Convinced that the hijackers would single out American passengers, Bhanot and attendants under her watch began to hide some American passports under seats and threw others in a waste chute. After collecting the passports, Bhanot proceeded to the intercom and asked for passenger Michael John Thexton, a British citizen.
Thexton faced Safarini, who prepared to shoot him if the negotiating official, Viraf Daroga, head of Pan Am’s Pakistan operation, did not deliver a pilot. Safarini released Thexton after Daroga informed that a crew member on board was able to use the cockpit radio for further negotiation, but the stalemate continued into the night.
At the time, Bhanot secretly removed a page from a manual that explained how to open the 3R aircraft door and exit through a slide down to the apron. She hid this page inside a magazine, which she then handed over to a passenger.
Around 9:00 p.m., the auxiliary power unit shut down, turning all lighting off. As emergency lights went on, passengers were again ordered to move.
The bloodbath began when the hijackers tried to cause a massive explosion that would kill everyone on board, including themselves. But because it was dark, the attempt missed and only caused a small detonation.
Shortly after, the hijackers turned to their bullets, which caused the most damage. At this point, Bhanot opened a door and helped passengers escape.
Two other doors were opened during the bloodbath: one by another attendant, and another by the passenger who received Bhanot’s page, which was the only exit opened to have a slide deploy.
Bhanot, who could have escaped since opening one of the doors, chose to remain on board. She was ultimately shot while shielding three children from the hijackers.
“Neerja was caught by the leader of the terrorists and shot point blank,” Mr. Bhanot wrote, citing accounts of eyewitnesses. “In the dead body I saw bullets had hit her in the abdomen, on the shoulder near the neck and in the arm. When she opened the emergency exit, she could have herself been the first to slide down the chute. But she was the ‘captain,’ who believed that she had to be the last person to quit — alive or dead.”
“The shock of being hit by bullets did not stop her heart-beat. She had been bleeding, from at least two bullet wounds, for nearly 15 minutes. But she was in her full senses and told her two colleagues to take care of her bullet-hit arm. With a little assistance, she slid down the chute to be received at the other end by another member of the crew. She was helped to walk to the ambulance. But she became a martyr before any medical assistance could help her to survive.”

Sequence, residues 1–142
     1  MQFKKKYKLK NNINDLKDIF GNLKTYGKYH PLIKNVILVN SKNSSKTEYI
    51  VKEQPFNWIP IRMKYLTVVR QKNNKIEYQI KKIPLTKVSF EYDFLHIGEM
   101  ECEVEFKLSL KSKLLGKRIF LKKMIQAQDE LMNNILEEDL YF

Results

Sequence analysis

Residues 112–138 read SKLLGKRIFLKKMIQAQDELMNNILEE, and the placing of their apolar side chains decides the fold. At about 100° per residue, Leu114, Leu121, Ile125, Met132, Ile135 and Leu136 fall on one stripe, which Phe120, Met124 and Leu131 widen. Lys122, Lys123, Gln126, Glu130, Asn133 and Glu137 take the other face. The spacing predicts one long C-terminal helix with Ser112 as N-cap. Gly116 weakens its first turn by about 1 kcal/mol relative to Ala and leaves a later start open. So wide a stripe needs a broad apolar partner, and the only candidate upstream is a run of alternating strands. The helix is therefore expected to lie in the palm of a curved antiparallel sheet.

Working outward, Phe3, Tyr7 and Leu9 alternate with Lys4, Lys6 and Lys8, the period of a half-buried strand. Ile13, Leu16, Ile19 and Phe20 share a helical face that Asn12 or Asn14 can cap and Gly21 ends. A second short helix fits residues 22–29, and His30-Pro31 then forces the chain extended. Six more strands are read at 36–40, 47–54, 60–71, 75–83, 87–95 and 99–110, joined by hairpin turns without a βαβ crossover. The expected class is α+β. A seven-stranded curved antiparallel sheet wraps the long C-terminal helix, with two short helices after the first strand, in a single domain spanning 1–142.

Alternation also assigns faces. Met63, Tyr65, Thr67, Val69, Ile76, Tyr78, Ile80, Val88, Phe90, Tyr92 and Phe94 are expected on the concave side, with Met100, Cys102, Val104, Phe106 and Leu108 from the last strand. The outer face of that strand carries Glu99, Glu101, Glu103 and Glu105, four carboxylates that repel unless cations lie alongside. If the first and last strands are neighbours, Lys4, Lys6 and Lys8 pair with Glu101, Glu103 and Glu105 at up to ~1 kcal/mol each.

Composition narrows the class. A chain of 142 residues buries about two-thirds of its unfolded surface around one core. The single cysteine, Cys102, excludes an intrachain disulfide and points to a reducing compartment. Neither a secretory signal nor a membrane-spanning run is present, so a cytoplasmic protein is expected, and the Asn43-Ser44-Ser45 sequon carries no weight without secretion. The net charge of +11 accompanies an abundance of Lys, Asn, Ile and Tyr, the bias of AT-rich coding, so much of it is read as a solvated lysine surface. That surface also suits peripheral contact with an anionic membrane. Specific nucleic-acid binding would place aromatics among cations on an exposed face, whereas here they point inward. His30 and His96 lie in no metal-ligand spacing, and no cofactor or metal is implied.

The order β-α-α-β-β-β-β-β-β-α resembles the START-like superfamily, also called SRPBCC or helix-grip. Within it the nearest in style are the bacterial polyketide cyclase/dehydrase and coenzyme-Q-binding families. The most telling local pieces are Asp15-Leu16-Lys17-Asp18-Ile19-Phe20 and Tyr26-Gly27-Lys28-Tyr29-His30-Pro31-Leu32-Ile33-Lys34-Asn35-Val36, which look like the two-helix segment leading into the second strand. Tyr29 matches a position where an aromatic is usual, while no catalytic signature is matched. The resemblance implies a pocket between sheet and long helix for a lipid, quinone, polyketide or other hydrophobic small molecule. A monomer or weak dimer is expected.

A total of 22 people — including Bhanot — died and about 150 more sustained injuries in the hijacking, according to the BBC.
Safarini and the rest of the hijackers, identified as Jamal Saeed Abdul Rahim (alias “Fahad”), Muhammad Abdullah Khalil Hussain ar-Rahayyal (alias “Khalil”) and Muhammad Ahmed Al-Munawar (alias “Mansoor”) were arrested. A fifth accomplice, Wadoud Muhammad Hafiz al-Turki (alias “Hafiz”), was captured a week later.
All were sentenced to death in Pakistan, but were later commuted to life in prison.
Aside from the Ashoka Chakra, Bhanot also received posthumous awards from Pakistan and the U.S. In 2004, the Indian Postal Service released a stamp commemorating her bravery.
Interestingly, one of the three children Bhanot had saved, then aged 7, became a captain of a major airline, according to One India. The outlet said Bhanot is “her inspiration,” meaning that the now-successful pilot is also female.
Bhanot’s legacy remains with her family’s establishment of the annual Neerja Bhanot Pan Am Trust, which reportedly presents an award for a flight crew member who “acts beyond the call of duty and another,” and the Neerja Bhanot Award, to an Indian woman who bravely faces social injustice and extends help to other women in similar situations. The award includes a sum of 150,000 Indian rupees (around $2,100) a trophy and a citation.
Bhanot’s life also inspired the 2016 film “Neerja”, starring Bollywood actress Sonam Kapoor. She personally met Bhanot’s mother, Rama, before the latter died in 2015.